Δ l n G D P = β 0   + i = 1 p   β 1   i k   Δ l n G D P t i + i = 0 p   β 2   Δ D M A t i + i = 0 p   β 3   Δ l n D C P t i + i = 0 p   β 4   Δ l n T O P t i + i = 0 p   β 5   Δ F D I t i + λ 1   l n G D P   t i + λ 2 D M A t i + λ 3   l n D C P t i + λ 4   l n T O P t i + λ 5   F D I t i + θ   E C T t i + ε t
whereas the term θ   signifies the equilibrium speed of adjustment in the long term after the shock in the short term. Various tests such as heteroscedasticity, functional form, and serial correlation are applied in this study to analyze the model’s goodness of fit. For testing stability and reliability, tests such as CUSUM and CUSUMSQ were also performed. The regression model is said to be stable if the results of these are within a 5% level of significance.

4. Empirical Results and Discussions

To ensure that the time series data are stationary, the integration order of those series is important. For series integration at both I(0) and I(1), the ARDL cointegration method application is justified. The long-term relationship may also be investigated by Johansen and Juselius’ (Johansen and Juselius 1990) technique. This study included unit root tests, Augmented Dicky-Fuller, and the Phillips-Perron (PP), in determining the integration order of concerned variables (see Table A1 in Appendix A). The outline of applied methods is shown in Figure 1.
It, thus, defines the integration order as a mixture of the level and the first difference, rendering the usage of the ARDL cointegration valid. The AIC and SBC determine the optimal lag length. The F-statistics appeared significant, concluding the long-term association among the variables of interest (see Table A2 in Appendix A). This infers that cointegration among the variables exists. The values estimated by F-statistics are greater than the values for the upper bound, which are the critical values with constant and no trend (Shahbaz 2012).
Table A3 provides the long-term forecasts for the ARDL method with specific diagnostic test statistics (see Appendix A). The findings indicate that the long-term association with DMA is significantly positive, showing the vanishing effect of financial development (Osei and Kim 2020). More specifically, an increase of 1 unit in deposit money reserves corresponds to an improvement of 0.0140 units in economic progress. In the long-term, deposits will therefore be seen as the leading source for a long-term investment with significant economic progress implications. The findings further show a negative association between lending to the private sector domestically and long-term economic progress. This is not aligned with the growth effect of financial development (Nasreen et al. 2020). Additionally, this finding did not lend credence to (Ahmad et al. 2019). Yet, in the short term, this impact is significantly positive. It entails that the effective distribution of private credit to productive domestic ventures can boost business operations and economic progress. In the same vein, Wang and Tan (2021) found economic development promotion effect of financial development across Chinese provinces. The literature (Ernst 2019) found similar findings by revealing that financial market development leads to economic development. Along these lines, Vo et al. (2019) presented interesting empirical outcomes. In the short term, financial derivatives were revealed to boost economic progress in India, the United States, and Japan. This effect vanished in the long-term process for these countries. However, for China, those derivatives provided a short-term negative and long-term positive impact on economic progress. In 20 Indian states, Pradhan et al. (2021) revealed economic growth boosting the impact of financial inclusion, which is consistent with our results in the short term, and vice versa. In contrast, Cheng et al. (2021) spun out the negative influence of financial development on economic development across selected 72 global economies.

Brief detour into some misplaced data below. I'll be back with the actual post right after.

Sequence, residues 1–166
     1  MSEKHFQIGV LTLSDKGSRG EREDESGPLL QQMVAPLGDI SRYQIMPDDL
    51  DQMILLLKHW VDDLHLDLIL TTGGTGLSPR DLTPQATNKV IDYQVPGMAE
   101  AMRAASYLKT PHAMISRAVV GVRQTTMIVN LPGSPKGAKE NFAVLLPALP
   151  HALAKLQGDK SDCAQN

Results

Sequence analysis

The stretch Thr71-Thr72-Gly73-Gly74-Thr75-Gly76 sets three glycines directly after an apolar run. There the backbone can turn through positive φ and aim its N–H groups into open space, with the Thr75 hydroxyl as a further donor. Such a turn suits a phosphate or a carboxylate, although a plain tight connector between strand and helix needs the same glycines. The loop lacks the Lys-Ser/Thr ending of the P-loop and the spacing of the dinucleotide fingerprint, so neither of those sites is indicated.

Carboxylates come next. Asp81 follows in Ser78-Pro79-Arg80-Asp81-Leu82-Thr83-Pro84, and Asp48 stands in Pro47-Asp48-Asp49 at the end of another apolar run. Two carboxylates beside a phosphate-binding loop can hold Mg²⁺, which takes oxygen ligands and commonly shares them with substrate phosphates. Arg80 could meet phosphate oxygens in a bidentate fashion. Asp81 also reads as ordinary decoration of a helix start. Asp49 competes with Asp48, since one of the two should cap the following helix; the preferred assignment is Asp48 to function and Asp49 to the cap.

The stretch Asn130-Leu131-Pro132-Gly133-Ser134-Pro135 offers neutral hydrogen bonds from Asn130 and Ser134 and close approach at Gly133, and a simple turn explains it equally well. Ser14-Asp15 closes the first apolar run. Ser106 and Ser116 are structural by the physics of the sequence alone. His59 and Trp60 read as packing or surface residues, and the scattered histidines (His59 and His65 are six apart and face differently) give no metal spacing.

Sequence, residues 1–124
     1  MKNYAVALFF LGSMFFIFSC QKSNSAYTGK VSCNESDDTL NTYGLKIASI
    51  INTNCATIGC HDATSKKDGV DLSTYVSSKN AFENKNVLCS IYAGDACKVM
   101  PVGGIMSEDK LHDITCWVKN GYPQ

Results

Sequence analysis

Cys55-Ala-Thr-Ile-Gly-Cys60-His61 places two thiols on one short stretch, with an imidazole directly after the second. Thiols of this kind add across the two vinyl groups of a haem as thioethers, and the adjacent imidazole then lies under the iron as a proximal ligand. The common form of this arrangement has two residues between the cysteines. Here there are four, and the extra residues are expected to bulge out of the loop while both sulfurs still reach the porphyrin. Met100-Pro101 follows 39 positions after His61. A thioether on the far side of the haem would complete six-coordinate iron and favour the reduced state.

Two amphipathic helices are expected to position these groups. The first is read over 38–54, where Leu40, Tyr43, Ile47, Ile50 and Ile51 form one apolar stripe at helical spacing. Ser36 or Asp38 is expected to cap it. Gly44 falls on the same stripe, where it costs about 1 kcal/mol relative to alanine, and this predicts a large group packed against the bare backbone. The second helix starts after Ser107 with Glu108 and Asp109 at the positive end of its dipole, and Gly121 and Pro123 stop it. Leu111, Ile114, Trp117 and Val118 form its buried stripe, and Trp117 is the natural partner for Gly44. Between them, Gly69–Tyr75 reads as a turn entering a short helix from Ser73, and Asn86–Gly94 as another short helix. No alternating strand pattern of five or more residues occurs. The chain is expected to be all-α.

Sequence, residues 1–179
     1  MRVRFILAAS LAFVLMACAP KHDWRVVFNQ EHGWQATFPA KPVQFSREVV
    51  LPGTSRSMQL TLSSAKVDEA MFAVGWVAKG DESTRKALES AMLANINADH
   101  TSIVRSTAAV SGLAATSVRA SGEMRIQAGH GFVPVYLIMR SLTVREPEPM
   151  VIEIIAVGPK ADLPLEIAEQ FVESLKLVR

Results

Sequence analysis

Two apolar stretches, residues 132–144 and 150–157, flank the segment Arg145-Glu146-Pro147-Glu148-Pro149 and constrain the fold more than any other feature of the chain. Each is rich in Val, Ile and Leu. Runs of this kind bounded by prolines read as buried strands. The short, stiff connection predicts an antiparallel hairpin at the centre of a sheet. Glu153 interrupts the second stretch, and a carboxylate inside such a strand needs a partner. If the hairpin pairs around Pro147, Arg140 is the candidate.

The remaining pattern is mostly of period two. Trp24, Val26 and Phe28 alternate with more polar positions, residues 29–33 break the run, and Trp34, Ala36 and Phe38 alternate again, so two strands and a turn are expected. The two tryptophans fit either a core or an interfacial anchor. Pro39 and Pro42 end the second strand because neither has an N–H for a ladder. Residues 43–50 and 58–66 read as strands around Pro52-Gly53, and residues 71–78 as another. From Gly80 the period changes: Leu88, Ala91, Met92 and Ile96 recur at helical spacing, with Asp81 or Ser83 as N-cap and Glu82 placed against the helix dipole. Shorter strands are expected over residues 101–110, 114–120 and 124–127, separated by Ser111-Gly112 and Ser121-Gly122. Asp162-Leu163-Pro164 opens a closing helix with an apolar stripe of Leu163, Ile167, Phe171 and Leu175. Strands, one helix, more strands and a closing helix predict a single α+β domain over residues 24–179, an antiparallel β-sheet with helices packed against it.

Moreover, the connection between economic progress and economic openness is negative in the long term but positive in the short-term. This result is consistent with (Huang and Sun 2019) in the case of Korea, China, and the United States. At the same time, it diverges from (Rajan and Zingales 2003), since they showed a positive link between economic progress and economic openness in the long term. Similarly, Majumder et al. (2020) found a statistically significant and positive impact of trade openness on economic growth in 95 economies worldwide. In addition, Arvin et al. (2021) revealed a positive influence of trade openness on the economic growth of G-20 countries, which is aligned with our results in the short term. Li and Wei (2021) found a positive impact of openness and financial development on economic growth with a differentiated degree of influence across 30 Chinese provinces.